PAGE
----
4.3. Impact of Time Varying Intervehicular Separations
The aim of this subsection is to characterize the performance of VCAST in the presence of time varying intervehicular separations caused by nonuniform mobility patterns. We note that there are potentially several traffic mobility patterns that can arise in a real vehicular network scenario. Our goal here is to analyze the scalability of VCAST and one of the important underlying factors that can impact performance in the context of these mobility patterns is the time varying density. There could be instants when a vehicle has a lot of neighbors within communication range and also instances when there are no neighbors. Therefore, in this simulation, we have chosen the random 2d walk mobility pattern with time varying speeds in the range of 20 m/s to 40 m/s, a potentially severe form of mobility that captures the essence of time varying separations and interference zone, caused in a traffic scenario.
In Figures 9(a) and 9(b), we compare the information staleness graphs for the random and uniform mobility patterns at Hz and Hz source broadcast rates with nodes. As seen from these figures, the graphs are quite similar, highlighting that random mobility does not significantly impact the performance. Staleness values at larger distances are observed to be slightly higher for the case of random mobility. However, the reason for this is not higher communication cost but rather the fact that the severe random mobility scenario often creates sparse and disconnected regions within the network, thereby increasing the number of hops traversed between two vehicles at a given distance. This effect is more pronounced at larger distances. In Figure 10, we compare the average communication cost for the random and uniform mobility scenarios. This graph highlights the fact that communication costs do not increase in the random mobility scenario—in fact a small decrease is observed in the average communication cost over several random patterns.
4.4. Impact of Aggregation
In this section, we evaluate VCAST when aggregate information about a cell is transmitted over multiple hops as opposed to individual vehicle information. The region being simulated is divided into square cells of equal size. The width of each cell is assumed to be equal to the single hop communication range. In this evaluation, we have increased the network size to nodes, thereby allowing us to evaluate staleness over larger distances. Figure 11 shows the information staleness graphs with a communication range of m ad m, both with a source broadcast rate of Hz. As seen in these graphs, information up to Km can be obtained in less than seconds, without the need for any infrastructure—while still maintaining extremely low staleness values at smaller distances.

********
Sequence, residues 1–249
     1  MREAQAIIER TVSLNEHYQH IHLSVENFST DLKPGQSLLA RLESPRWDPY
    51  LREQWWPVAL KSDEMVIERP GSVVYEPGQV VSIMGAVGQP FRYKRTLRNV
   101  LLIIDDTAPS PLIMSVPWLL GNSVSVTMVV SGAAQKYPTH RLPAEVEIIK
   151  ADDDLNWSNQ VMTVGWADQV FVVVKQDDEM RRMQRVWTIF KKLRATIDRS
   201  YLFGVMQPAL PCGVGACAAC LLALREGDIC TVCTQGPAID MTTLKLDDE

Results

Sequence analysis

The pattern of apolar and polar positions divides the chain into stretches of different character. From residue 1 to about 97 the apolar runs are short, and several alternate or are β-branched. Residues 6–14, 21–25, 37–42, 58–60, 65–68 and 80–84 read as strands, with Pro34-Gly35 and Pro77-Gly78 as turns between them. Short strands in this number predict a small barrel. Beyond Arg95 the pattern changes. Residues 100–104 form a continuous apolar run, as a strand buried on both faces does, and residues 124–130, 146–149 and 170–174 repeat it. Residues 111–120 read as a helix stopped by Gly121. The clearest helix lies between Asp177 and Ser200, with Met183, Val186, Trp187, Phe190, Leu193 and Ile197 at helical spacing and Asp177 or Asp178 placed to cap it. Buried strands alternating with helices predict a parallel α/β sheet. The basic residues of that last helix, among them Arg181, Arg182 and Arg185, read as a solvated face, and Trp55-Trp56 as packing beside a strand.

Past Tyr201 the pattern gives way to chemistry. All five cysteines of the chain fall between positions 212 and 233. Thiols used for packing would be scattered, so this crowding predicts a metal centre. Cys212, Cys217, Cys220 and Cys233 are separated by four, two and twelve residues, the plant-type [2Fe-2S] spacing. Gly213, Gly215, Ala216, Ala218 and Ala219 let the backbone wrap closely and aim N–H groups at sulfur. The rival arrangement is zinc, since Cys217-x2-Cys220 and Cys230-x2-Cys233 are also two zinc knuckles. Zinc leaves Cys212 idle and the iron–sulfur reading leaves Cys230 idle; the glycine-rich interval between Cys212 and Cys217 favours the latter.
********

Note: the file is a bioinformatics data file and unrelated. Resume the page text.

4.5. Summary of Results
Our experimental results show that by using distance-sensitive forwarding, VCAST is able to scale to larger network size as well as support much higher broadcast rates compared to non-distance-sensitive techniques. The reason for scalability is the significantly lower message overhead which reduces the channel contention in the network. We also characterized the performance of VCAST under severe mobility and studied information staleness when aggregated data is transmitted as opposed to individual vehicle information.
From all of the above experimental evaluations, we note that an ideal parameterization for VCAST is to set communication range to a small value and increase the source broadcast rate. By doing so, information at smaller distances can be obtained at high rates with low contention due to the small communication range. At the same time, information to larger distances can be transmitted with progressively increasing staleness. Moreover, by limiting the propagation of individual vehicular information up to distances of about 500–1000 m (for utilization by safety applications) and only propagating aggregate information beyond that, we observe that information from several miles ahead can be obtained within a few seconds without the need for any communication infrastructure.
We have presented an algorithm, VCAST, for obtaining individual vehicle location and aggregate traffic information over a multihop wireless vehicular network without the need for expensive roadside infrastructure, any special hardware, or modification to vehicular transmission standards. To ensure scalability in forwarding information over multiple hops, traffic information is propagated at a rate that decreases linearly with distance from the source. By doing so, the required communication rate per node can be reduced when compared with schemes that do not utilize distance sensitivity in information forwarding. This results in lower channel contention, thereby enabling higher source broadcast rates and better information quality at smaller distances while still being able to propagate information to large distances. Despite staggered forwarding, traffic information can be obtained with a staleness, which is a measure of error in the traffic information that is bounded by where is the communication hop distance from the source of the information.